Visiting an old friend!3:59 PM
You probably think I'm talking about an actual living breathing person, but I'm not, I'm talking about something else, something that doesn't speak to me (not in the sense of actual words), something that doesn't move, it just sits there but oh does it bring so much joy to my heart.
If you know me well you know that I am happiest when I'm with my family in my home and surrounded by books, I'm pretty sure I've given it away now........The Library!
It had been about a month or so since I'd been there and when I walked in through those doors today it took everything inside me not to let out a little whoop and dance a little jig.
I'm sure my family appreciates that, I have no doubt they would have disappeared and acted like they didn't know me if I had done it LOL
It was time to go fill up my book bag with little treasures for my Summer Reading List and while I was there, we picked up the kid's Summer Reading Program baggies, they're so excited to participate again being that it was such a hit last year.
But enough talking let me show you what I got and a lot of these have been recommended to me by other bloggers so I'm really eager to get started.
The Forgotten Garden (This is the one I'm reading first, I am dying to read it)
In 1913, a little girl arrives in Brisbane, Australia, and is taken in by a dockmaster and his wife. She doesn’t know her name, and the only clue to her identity is a book of fairy tales tucked inside a white suitcase. When the girl, called Nell, grows up, she starts to piece together bits of her story, but just as she’s on the verge of going to England to trace the mystery to its source, her grandaughter, Cassandra, is left in her care. When Nell dies, Cassandra finds herself the owner of a cottage in Cornwall, and makes the journey to England to finally solve the puzzle of Nell’s origins. Shifting back and forth over a span of nearly 100 years, this is a sprawling, old-fashioned novel, as well-cushioned as a Victorian country house, replete with family secrets, stories-within-stories, even a maze and a Dickensian rag-and-bone shop. All the pieces don’t quite mesh, but it’s a satisfying read overall, just the thing for readers who like multigenerational sagas with a touch of mystery.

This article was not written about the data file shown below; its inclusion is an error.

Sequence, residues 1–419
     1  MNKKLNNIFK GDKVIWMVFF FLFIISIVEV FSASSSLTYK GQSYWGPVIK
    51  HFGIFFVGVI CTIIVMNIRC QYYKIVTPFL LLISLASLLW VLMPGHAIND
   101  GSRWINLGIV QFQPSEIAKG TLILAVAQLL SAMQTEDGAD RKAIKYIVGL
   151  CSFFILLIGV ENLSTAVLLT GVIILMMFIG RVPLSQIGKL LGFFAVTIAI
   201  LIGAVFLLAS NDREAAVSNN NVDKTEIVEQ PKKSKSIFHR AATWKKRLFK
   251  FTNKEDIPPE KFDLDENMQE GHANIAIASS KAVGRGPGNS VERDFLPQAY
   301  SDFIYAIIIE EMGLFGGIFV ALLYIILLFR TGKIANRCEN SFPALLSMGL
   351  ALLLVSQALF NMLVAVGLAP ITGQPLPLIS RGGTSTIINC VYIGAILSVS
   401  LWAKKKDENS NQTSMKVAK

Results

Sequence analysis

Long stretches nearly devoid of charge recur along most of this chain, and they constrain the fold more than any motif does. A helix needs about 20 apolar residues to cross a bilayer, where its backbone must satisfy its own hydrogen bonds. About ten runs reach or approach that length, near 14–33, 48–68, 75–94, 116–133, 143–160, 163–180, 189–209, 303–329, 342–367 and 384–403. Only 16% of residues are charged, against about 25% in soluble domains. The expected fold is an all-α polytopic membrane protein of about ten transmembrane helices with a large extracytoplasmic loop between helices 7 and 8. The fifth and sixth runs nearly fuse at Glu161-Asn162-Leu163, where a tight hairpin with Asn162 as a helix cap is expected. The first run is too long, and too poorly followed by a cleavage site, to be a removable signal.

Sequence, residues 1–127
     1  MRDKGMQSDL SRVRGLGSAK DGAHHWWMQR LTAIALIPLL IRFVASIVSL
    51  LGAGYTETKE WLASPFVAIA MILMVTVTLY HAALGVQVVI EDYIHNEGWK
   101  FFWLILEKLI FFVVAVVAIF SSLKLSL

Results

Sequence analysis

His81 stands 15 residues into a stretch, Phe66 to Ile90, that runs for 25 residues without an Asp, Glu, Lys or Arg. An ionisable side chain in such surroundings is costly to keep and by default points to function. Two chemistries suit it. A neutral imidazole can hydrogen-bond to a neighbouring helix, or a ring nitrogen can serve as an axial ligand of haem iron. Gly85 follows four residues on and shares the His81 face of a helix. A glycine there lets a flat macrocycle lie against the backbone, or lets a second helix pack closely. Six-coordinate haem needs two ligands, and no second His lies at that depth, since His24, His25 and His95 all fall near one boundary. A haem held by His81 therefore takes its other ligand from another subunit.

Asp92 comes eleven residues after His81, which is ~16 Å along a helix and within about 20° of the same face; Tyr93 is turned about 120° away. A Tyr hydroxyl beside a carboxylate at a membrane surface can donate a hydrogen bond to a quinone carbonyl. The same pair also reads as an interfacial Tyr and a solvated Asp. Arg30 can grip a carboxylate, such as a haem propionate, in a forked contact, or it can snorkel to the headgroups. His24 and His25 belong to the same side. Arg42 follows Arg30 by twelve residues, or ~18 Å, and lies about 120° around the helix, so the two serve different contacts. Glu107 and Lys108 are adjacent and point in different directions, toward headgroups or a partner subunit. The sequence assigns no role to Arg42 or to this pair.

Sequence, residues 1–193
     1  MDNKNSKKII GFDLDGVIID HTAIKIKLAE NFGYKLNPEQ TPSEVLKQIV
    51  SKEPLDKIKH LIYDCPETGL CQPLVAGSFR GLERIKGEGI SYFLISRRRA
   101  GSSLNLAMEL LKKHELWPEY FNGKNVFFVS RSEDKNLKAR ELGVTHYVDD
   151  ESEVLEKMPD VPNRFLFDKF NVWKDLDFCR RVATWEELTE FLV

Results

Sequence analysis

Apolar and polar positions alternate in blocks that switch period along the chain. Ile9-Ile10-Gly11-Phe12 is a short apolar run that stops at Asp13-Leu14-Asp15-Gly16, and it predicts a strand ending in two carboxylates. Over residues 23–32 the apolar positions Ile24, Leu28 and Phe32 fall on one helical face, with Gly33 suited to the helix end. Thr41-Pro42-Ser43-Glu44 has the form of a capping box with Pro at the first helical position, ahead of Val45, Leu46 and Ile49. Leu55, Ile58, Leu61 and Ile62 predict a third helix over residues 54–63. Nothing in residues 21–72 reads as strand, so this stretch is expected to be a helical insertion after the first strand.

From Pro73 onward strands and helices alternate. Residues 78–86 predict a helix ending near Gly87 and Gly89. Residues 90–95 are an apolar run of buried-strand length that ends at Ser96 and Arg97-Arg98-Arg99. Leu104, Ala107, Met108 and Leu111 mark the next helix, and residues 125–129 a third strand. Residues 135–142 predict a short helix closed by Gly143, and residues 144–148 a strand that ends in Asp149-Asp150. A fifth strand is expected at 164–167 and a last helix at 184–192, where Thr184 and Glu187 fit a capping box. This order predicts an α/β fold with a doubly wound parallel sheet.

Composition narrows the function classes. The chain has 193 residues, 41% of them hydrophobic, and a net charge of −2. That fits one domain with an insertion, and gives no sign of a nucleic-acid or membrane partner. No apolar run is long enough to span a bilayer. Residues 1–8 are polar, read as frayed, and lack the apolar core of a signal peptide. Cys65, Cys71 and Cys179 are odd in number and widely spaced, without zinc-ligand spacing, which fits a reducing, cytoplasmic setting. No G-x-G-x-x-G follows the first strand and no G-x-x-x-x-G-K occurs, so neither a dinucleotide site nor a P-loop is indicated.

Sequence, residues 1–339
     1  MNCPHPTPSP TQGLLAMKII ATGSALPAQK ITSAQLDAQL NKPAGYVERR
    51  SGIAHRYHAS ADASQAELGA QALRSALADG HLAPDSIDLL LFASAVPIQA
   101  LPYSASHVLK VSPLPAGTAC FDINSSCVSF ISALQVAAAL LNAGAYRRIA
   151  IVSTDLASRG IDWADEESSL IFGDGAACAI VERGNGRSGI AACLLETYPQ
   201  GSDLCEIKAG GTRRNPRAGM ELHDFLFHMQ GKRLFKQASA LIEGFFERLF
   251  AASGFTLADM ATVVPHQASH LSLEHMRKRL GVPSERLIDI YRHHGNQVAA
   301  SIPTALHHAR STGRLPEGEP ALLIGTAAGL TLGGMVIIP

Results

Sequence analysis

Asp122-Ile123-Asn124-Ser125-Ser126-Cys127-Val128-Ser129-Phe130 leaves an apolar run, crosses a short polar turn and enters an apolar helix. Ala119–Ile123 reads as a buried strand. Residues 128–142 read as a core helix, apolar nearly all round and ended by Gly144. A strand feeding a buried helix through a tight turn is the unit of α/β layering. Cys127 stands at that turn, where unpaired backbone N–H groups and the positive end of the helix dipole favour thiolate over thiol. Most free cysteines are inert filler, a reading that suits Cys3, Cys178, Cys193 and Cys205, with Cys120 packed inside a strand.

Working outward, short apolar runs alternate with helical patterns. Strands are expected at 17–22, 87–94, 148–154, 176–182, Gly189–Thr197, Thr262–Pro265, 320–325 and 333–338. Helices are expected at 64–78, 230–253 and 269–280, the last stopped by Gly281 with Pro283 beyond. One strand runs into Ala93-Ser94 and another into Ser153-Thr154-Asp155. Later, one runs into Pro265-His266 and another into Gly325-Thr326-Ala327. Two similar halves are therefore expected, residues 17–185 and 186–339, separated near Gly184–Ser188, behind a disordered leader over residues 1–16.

Pioneer Farm: Living on a Farm in the 1880s
Uses the story of a young girl and her family to describe life on a small farm in Minnesota in the nineteenth century.
Along the Santa Fe Trail: Marion Russell's Own Story
In 1852, seven-year-old Marion Russell, her mother and brother traveled in a train of 500 wagons along the Santa Fe Trail, from Fort Leavenworth, Kans., to California. Wadsworth, whose children's biographies include accounts of John Muir and Rachel Carson, has adapted Russell's memoirs of the tumultuous journey, which were transcribed by her daughter in the 1920s. As she explains in a foreword, Wadsworth preserved Marion's "eloquent voice" as much as possible. Her flowing first-person narrative contains lovely descriptive passages ("The vast open country that is gone from us forever rippled like a silver sea in the sunshine"), as well as such engaging particulars as Russell's frustration at not being able to reach all the buttons in the back of her dress ("Why couldn't they have been put in front where I could get at them?"). Watling's art pays similar attention to period details. Whether depicting a glorious sunset on the plains or the bustling streets of Santa Fe, his polished colored ink and colored pencil pictures are historically accurate and filled with energy.
The Oregon Trail
In 1846, a young man of privilege left his comfortable Boston home to embark on a strenuous overland journey to the untamed West. This timeless account of Parkman's travels and travails provides an expressive portrait of the rough frontiersmen, immigrants, and Native Americans he encounters, set against the splendor of the unspoiled wilderness.
The Story of Women who shaped the West